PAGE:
By English Edition Staff
Published: 2008-05-21

Transportation interruption, risks arising from dams and landslide-dammed lakes in disaster areas, and potential spread of contagious diseases are among the major problems faced by the ongoing earthquake relief work in Sichuan.

The Chinese government summed up the above problems in a State Council meeting chaired by Premiere Wen Jiabao on May 21.

In a statement released on the Chinese government website, it also stated that resolving the basic necessities of quake victims, taking care of children orphaned by the quake and the aged left alone, were other major difficulties ahead.

On further measures needed for earthquake relief work, the meeting outlined three broad areas. One was to spare no efforts in relief work, including that of preventing a potential second wave of disaster arising from endangered dams, hydropower stations and landslide-dammed lakes.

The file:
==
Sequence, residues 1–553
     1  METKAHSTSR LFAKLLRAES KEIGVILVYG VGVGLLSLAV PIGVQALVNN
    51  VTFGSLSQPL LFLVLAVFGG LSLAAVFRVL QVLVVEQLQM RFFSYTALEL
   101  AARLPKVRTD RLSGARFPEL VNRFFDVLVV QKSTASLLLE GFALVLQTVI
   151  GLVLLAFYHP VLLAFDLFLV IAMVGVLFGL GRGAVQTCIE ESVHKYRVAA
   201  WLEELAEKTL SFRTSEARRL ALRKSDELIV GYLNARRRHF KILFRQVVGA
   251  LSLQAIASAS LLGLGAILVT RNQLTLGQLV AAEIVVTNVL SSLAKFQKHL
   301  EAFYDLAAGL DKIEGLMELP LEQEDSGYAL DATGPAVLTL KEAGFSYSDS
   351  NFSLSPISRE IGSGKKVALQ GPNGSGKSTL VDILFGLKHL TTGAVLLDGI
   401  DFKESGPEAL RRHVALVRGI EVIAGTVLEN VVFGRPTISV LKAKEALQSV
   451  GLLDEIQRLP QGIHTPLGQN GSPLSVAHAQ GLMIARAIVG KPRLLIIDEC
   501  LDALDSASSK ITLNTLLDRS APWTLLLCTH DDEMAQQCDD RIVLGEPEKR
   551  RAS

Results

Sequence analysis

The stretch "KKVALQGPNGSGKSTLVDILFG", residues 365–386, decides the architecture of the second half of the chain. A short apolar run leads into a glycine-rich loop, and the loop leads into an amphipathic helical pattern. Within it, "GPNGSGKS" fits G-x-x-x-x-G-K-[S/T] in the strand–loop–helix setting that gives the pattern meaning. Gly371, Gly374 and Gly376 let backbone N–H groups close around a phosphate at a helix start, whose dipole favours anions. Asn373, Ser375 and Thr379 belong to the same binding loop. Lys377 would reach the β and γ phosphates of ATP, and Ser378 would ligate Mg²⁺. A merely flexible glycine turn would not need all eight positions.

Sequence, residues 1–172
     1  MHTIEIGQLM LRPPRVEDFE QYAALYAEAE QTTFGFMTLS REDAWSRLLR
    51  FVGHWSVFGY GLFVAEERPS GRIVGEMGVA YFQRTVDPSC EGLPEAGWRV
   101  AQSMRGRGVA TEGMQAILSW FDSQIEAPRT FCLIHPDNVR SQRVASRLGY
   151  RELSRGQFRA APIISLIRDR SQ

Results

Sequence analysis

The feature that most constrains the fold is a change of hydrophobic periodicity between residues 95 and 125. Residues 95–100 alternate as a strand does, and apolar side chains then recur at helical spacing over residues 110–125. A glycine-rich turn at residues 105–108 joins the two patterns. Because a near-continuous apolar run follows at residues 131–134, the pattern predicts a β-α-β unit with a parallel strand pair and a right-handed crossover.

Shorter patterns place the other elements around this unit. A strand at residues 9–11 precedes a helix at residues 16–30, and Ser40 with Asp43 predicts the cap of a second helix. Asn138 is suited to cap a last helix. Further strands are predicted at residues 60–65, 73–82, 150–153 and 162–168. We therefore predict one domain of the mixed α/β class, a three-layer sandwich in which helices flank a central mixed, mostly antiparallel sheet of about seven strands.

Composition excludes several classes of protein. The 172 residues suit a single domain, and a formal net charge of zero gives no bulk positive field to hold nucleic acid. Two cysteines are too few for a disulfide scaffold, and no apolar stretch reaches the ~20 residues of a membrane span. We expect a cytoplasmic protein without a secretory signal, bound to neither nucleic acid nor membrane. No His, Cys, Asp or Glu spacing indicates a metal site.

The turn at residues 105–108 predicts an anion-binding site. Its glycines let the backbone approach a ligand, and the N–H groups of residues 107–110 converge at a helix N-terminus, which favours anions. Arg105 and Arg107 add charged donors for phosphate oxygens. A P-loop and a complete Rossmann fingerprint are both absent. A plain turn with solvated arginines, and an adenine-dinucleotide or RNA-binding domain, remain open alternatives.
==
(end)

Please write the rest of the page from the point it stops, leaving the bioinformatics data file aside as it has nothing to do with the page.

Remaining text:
In fact, the day earlier, Chinese Premiere Wen Jiabao had already urged Water Resources Ministry to send experts to dams and reservoirs in quake-hit areas for 24-hour patrol. The directive was issued following weather forecast of heavy rain there in the next 48 hours.

The second relief measure was to map out rebuilding strategies. The Central Government had committed 70 billion yuan as the initial fund for rebuilding, and pledged to set up a strict supervision mechanism to monitor donations collected for quake victims.

Third was to maintain stable economic development through strengthening of agriculture production and curbing inflation.

In analyzing China's economic outlook, the meeting concluded that the Sichuan earthquake, apart from causing severe economic damages in disaster-hit areas, had also exerted more uncertainties into the overall running of the Chinese economy. 

However, the statement said the overall economic situation would remain stable and industrial production would be steady. It also projected a better summer harvest for grains, edible oil and pork.

However, it admitted that pressure from rising prices persisted, adding tight supply of coal, electricity and fuel exerted pressure on the government financial spending.